For most prospective degree-completion candidates, the idea of leaving one’s job to go back to school is out of the question, particularly since there are few full-tuition scholarships available to non-traditional students. Degree completion programs typically address this concern by offering flexible scheduling designed to accommodate students’ full-time employment. The BPS program, for example, offers courses in online, hybrid, and express-delivery formats, and provides classroom-based instruction on evenings and weekends.
Another financial hurdle that many degree completion programs try to circumvent, is the fee structure usually associated with traditional programs. Traditional college students are typically assessed a few for a range of services - from the student health center to athletic events - yet many non-traditional students do not make use of these services. The College of Charleston is one of the institutions that has acknowledged this discrepancy, and have adjusted the tuition for their degree completion program accordingly. Students in the BPS program pay approximately 20% less tuition than traditional students at the CofC.
Since most non-traditional students are already engaged in the workforce, degree completion programs will often design curricula that help to instill applicable knowledge and skills. Whether through courses that specifically target industry-related skills - such as Healthcare Operations Management - or those that develop more transferable skills - such as Professional Presentations - students in degree completion programs often find that they are able to immediately implement newfound knowledge and abilities.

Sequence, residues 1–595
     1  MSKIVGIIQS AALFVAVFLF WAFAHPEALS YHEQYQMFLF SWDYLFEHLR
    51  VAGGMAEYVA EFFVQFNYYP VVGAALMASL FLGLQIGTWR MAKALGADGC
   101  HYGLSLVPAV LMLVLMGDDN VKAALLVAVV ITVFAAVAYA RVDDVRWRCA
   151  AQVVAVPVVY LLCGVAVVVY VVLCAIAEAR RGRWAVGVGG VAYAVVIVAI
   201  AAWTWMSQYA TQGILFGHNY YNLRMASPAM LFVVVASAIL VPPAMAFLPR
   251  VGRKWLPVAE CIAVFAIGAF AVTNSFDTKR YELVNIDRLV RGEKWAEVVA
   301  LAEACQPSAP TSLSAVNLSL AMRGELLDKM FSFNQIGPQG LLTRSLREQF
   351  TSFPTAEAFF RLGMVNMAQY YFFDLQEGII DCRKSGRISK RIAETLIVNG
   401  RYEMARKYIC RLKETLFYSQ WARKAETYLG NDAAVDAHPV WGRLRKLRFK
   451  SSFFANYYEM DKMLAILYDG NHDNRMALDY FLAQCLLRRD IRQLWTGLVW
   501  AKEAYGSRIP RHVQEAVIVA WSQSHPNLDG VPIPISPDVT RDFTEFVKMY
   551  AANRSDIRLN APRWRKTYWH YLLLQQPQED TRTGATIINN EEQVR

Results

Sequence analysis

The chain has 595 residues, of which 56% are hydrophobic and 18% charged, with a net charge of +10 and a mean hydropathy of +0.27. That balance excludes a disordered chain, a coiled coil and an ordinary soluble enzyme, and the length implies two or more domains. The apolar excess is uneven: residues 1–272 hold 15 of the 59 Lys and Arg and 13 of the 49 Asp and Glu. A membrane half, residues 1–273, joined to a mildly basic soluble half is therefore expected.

Within the concentrations in the BPS program, students are offered a variety of electives, allowing them to choose the skill areas which are most relevant to their chosen profession. Immediately applying skills to the workplace helps students to deepen their understanding of the subject area, and can present opportunities for career advancement.
Degree completion programs, like any other course of study, will vary by institution, and not every program will be appropriate for every non-traditional student. The Bachelor of Professional Studies program for example, is well suited for students who are looking to enter - or advance within - communications, leadership, or management fields, as well as those who are looking to go on to further study in these areas. Students considering any degree completion program are encouraged to thoroughly research the program requirements, and consult with the program’s academic advisor(s). The chosen program should ultimately make best use of transfer credits, meet the student’s scheduling needs, and help the student to achieve his or her particular goals.
Whether returning to school after time away, or building on an associate’s degree, pursuing a degree completion program is a big step toward a better future. Prospective students are encouraged to further explore what the BPS program has to offer, and reach out to the SPS with any questions or concerns.